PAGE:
CoVID-19 Thoughts to Consider with Ohio State Football this Fall
If you're not already rejoicing over the Big Ten's decision to play football this fall, keep celebrating. If you've calmed down a bit and are curious about the limitations each Big Ten school will face during the season, keep reading.
In a press release by the Big Ten, they made clear that new medical advancements made it possible for the league to reinstate the season. These medical protocols (if you haven't read already) include: daily, rapid antigen testing for players, coaches and anyone on the field during practice or a game; each institution designating a Chief Infection Officer (CInO); athletes that test positive will miss a minimum of 21 days before returning to game action; and team continuation determined by team positivity rate and population positivity rate that are based on a seven-day rolling averages.
The league must begin daily testing by Sept. 30, but some teams are planning to implement their new protocols earlier.
Based on that, here are some things to consider:
What if someone tests positive?
If a player tests positive, the soonest they can come back to action is 21 days after their positive test. That means they could potentially miss three to four games. The athlete would have to undergo comprehensive cardiac testing to include labs and biomarkers, ECG, Echocardiogram and a Cardiac MRI. After that, he would have to receive clearance from a cardiologist designated by the university. Safety is the absolute most important thing here, but there's not a lot of wiggle room if a star player tests positive.
What if a team has multiple positives? Do they stop playing?
Based on a seven-day rolling average, if a team has a positive rate greater than five percent and the population has a rate greater than seven-and-a-half percent, the team must stop regular practice and competition for a minimum of seven days and reassess metrics until they improve.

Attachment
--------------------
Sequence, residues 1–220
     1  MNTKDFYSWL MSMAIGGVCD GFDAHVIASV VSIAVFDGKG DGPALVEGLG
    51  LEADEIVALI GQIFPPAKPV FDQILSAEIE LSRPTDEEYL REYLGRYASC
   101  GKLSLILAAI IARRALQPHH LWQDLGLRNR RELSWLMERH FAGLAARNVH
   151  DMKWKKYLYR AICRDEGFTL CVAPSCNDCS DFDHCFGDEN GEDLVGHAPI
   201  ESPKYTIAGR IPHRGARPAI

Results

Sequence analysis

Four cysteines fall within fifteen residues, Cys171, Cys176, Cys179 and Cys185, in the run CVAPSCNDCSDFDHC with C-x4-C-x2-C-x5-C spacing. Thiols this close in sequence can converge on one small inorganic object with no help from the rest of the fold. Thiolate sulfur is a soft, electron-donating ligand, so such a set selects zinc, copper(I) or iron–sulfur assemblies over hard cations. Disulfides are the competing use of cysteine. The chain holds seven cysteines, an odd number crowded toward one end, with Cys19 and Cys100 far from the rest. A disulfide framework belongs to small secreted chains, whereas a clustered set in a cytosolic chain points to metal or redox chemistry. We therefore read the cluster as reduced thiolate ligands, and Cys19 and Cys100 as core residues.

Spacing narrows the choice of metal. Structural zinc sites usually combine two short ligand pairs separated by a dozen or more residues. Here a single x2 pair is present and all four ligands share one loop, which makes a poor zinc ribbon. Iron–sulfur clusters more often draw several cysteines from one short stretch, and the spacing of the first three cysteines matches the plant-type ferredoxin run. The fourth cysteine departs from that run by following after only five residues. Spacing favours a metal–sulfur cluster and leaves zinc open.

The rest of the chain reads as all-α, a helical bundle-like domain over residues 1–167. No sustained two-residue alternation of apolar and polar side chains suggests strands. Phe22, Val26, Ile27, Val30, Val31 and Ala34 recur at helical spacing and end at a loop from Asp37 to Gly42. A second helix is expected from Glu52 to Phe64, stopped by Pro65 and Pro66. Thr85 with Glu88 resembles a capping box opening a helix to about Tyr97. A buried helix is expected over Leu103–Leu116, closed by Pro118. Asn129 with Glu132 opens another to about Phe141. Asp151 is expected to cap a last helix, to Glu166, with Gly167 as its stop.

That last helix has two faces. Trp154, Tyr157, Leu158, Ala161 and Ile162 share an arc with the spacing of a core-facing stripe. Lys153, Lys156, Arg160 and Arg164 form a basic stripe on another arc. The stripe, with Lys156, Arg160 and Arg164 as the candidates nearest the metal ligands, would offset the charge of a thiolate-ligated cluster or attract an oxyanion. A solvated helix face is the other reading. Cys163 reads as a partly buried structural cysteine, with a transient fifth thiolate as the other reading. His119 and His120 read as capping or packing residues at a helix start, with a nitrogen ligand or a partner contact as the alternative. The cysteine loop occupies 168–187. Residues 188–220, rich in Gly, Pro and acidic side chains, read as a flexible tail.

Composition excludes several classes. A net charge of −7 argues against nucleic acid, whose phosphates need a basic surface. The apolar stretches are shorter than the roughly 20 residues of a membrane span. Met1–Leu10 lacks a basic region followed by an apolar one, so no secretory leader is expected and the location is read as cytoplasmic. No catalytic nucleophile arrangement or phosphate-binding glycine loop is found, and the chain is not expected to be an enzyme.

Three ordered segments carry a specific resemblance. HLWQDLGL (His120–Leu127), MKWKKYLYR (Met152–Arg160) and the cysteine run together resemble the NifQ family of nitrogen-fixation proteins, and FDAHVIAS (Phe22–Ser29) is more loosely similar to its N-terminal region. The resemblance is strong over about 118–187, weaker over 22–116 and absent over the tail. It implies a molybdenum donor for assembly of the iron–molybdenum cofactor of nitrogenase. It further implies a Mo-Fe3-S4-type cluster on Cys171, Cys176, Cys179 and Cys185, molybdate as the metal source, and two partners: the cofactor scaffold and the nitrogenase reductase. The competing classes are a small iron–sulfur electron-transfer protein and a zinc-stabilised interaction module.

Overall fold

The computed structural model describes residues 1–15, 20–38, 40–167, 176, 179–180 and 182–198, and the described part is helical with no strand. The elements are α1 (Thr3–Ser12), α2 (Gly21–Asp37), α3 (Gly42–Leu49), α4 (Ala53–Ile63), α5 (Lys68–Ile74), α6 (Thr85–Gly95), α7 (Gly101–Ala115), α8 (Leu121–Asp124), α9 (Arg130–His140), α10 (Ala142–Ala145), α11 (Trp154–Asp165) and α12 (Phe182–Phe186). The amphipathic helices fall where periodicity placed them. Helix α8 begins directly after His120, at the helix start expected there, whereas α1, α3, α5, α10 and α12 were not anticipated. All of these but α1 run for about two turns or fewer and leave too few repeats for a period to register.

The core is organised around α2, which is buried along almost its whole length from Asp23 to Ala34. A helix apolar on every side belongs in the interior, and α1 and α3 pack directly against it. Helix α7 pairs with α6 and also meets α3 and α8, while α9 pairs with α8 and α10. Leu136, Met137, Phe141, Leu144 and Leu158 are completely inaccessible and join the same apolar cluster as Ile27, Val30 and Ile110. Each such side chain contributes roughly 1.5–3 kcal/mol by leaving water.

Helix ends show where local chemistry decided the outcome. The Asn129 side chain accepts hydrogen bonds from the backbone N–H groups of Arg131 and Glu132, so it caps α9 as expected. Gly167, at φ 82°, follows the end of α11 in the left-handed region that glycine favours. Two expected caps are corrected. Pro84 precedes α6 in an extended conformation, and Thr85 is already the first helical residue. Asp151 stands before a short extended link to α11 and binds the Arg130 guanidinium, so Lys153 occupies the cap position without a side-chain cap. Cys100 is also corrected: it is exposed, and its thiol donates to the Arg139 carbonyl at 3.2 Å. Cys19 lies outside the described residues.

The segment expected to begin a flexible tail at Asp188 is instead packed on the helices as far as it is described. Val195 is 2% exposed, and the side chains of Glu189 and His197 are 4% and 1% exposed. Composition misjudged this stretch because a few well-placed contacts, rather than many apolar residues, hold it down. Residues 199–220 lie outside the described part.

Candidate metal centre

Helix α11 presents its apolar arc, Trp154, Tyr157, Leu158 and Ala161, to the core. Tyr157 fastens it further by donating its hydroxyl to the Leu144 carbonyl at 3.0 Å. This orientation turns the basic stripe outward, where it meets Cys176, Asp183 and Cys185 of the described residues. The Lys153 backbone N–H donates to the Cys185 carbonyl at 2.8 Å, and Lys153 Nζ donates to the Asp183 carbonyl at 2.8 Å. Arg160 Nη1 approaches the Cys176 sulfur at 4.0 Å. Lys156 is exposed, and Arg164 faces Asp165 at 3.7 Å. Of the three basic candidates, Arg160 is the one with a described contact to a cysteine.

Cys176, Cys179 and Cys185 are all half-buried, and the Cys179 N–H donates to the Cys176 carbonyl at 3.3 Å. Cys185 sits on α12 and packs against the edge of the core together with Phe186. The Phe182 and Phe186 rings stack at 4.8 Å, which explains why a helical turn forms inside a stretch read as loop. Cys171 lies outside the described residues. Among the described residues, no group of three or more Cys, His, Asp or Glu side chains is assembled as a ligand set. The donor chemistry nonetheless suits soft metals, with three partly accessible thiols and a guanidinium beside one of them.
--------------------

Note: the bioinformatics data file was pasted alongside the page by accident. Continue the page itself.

If a team sees a positivity rate of three-and-a-half to five percent and the population sees a rate greater than seven-and-a-half percent, then the team must proceed with caution and enhance its CoVID-19 prevention practices.
As Nicole Auerbach reports, "population" refers to each team's rostered players, coached, staff members and anyone else affiliated with the program that is subject to daily antigen testing.
What if multiple teams have high positivity rates?
If multiple teams in the Big Ten have this issue, it might be awhile before they can take the field again. Again, players have to miss a minimum of 21 days before they can return to action. If this happens, then do we not have football again or do we have some football? An educated guess would be some football.
Will Injuries Pile Up in a 9-Game Season and No Bye?
Potentially, but this isn't terribly different than a typical schedule. A bye week means more than the average fan thinks. Bodies will be banged up despite the fact that teams will have nearly six weeks now to get "game ready."
Since the conference has determined that it can conduct this season safely, this is the best option available to also protect the integrity of the 2021 season. It becomes a shorter season, but the ending time is exactly the same as it would've been in a non-pandemic.